February 24, 2012 in inspiring places
It was yet another grey day that we chose to visit the coast during the school holidays last week. The sun hid behind the clouds all day, but it didn’t really matter as a visit to the coast is always a treat for us city dwellers, whatever the weather. Being by the sea with the salty, bracing air is refreshing and we all love the change of scene. We packed the car up with snacks for the journey, an optimistic blanket to sit on the beach, the camera and turned the radio up for our drive out of London to Whitstable on the Kent coast.
We had rented a little cottage for a week’s holiday a couple of years ago and the whole family loved it, so thought we would return for a spontaneous day trip. It is a charming fishing town, without being overly touristy or sickly seaside sweet, and its working harbour makes it feel real rather than just a summer destination. Wandering the side streets and along the beach wall reveals gorgeous shiplapped cottages, fisherman’s huts and buildings.
First stop was lunch at the excellent Whitstable Oyster Company restaurant overlooking the sea, a special treat. We all chose a different seafood – oysters, squid, crab, mussels, sardines – so we could have a taste of each others and they were all delicious. The children love trying different things and my son even tried an oyster!
There are some interesting vintage and antique shops at the top end of Oxford Street like Valentines Vintage and Warehams among others, as well as the usual myriad of charity shops you find in coastal towns. At the other end of town, Harbour Street has lots of great, independent boutiques to browse including The Sugar Boy old fashioned sweet shop, Sundae Sundae for a fun bit of everything, Buttercup for children’s toys and gifts and the fab Frank for British graphic screen prints, handmade stationery, books and other goodies. The harbour also has a fresh fish market and is great to wander around the black, wooden huts and watch the fisherman (grab a pot of winkles or cockles in vinegar or the delicious local oysters).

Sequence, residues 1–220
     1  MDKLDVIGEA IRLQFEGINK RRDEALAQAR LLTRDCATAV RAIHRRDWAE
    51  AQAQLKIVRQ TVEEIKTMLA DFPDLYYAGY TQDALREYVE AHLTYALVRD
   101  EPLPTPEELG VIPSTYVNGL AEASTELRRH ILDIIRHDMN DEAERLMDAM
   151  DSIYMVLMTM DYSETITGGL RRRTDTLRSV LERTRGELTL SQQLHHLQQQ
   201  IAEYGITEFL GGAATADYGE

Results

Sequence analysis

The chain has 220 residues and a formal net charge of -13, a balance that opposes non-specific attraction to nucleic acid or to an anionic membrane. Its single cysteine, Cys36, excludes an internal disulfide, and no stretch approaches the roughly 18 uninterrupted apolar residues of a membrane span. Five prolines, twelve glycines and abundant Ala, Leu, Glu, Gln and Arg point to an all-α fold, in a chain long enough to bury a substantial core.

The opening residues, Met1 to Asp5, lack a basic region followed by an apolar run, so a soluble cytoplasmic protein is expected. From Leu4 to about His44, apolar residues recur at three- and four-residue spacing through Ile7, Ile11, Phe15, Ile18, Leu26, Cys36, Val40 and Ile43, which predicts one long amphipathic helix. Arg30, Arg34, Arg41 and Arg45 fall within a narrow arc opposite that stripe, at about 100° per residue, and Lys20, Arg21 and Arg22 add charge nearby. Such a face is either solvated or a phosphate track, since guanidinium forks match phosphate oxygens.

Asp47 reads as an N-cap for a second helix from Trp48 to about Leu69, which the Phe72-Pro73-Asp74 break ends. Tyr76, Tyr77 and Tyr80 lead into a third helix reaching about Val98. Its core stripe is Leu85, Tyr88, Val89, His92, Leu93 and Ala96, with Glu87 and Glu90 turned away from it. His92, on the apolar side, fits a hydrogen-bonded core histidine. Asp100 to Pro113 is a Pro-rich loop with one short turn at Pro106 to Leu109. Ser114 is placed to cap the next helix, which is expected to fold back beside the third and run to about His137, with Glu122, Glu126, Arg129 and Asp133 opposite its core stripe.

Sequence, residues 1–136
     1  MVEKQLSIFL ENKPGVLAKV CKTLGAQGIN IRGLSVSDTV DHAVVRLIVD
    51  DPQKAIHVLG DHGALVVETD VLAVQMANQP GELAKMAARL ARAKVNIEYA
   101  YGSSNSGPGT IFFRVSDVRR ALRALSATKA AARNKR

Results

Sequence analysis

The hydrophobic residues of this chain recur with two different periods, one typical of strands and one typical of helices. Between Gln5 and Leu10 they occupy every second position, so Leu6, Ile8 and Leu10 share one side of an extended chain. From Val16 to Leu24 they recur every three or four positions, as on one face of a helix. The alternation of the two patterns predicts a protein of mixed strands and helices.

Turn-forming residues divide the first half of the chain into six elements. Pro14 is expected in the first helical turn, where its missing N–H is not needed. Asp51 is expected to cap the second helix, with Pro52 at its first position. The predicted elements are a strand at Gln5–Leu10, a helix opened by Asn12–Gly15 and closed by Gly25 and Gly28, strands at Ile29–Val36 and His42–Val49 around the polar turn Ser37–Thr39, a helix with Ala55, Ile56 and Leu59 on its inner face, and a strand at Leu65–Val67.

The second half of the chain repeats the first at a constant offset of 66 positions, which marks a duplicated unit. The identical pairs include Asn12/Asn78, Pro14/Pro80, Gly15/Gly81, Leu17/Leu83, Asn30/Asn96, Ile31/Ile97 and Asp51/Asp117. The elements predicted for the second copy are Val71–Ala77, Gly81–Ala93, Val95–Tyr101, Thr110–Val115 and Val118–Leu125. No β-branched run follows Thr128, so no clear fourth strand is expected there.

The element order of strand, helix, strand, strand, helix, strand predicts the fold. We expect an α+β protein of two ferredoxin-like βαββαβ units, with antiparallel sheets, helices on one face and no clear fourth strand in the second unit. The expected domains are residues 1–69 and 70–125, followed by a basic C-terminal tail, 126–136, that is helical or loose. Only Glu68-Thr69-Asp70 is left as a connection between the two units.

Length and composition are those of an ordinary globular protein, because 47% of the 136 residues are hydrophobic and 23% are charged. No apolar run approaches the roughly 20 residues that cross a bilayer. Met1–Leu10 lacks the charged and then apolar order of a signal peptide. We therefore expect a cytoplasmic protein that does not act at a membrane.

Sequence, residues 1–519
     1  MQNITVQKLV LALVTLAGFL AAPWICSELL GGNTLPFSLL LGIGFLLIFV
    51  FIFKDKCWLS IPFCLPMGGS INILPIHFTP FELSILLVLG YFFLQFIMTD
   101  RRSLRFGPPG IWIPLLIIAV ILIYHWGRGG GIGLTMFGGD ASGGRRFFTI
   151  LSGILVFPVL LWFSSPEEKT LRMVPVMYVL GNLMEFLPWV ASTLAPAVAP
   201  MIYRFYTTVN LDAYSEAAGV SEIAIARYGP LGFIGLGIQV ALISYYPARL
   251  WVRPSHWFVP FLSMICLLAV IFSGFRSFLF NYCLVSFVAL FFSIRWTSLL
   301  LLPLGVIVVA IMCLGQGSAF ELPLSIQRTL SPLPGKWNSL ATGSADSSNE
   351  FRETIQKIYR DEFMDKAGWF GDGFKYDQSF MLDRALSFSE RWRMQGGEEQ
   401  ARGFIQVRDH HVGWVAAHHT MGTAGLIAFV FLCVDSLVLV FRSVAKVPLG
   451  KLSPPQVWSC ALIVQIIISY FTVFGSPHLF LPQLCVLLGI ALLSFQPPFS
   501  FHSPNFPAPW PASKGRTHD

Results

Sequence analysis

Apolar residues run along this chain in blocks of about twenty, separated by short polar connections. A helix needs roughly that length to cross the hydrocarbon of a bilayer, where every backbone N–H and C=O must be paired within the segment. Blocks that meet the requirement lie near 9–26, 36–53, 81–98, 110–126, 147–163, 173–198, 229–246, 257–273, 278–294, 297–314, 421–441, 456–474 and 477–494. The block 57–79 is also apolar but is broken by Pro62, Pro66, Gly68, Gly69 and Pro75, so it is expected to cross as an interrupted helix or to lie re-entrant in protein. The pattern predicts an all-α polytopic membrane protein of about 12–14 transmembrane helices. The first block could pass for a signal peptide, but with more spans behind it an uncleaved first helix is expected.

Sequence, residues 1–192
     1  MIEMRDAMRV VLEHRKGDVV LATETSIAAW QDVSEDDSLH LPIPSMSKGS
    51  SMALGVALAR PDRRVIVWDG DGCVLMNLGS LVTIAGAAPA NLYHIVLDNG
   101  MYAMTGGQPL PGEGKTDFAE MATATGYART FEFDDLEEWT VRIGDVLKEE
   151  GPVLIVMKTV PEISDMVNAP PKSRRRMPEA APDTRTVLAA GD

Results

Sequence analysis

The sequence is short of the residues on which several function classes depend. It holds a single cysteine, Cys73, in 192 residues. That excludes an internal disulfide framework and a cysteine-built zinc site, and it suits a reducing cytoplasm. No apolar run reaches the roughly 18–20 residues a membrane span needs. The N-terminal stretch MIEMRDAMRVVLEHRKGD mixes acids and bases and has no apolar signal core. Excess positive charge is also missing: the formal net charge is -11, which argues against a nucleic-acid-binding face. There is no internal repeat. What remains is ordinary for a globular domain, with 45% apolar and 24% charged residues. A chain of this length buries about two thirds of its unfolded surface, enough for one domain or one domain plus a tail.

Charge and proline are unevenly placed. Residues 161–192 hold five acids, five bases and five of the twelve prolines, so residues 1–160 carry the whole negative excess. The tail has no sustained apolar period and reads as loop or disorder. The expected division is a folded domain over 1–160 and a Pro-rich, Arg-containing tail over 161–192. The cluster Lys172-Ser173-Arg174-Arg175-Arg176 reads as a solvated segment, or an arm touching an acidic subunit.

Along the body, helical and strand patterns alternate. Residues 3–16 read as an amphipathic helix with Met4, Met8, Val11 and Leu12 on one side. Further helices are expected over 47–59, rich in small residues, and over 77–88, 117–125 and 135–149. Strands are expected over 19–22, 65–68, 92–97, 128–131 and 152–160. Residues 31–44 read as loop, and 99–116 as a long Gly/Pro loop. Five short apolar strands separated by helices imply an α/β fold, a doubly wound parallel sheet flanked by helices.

And the traditional British favourite, fish and chips, is a must-have; taken away, eaten from the bag, sitting on the harbour wall, over-looking the sea. Yum.
We hopped back in the car after dark, missing the traffic and returned home, the children drifting off to sleep in the back.
I’m already looking forward to our next family day trip to the seaside, but where next?
Sania Pell is a freelance interior stylist, creative director and consultant based in London. She is a Contributing Stylist at Elle Decoration magazine, with whom she has worked for over 18 years, and is known for bringing a unique aspect to photographic shoots for national publications, leading international brands and retailers as well as style consultancy for top architecture practices and property development companies. She is the author of best-selling book The Homemade Home and The Homemade Home for Children. A trained, former textile designer, Sania is also involved in many multi-disciplinary creative projects.
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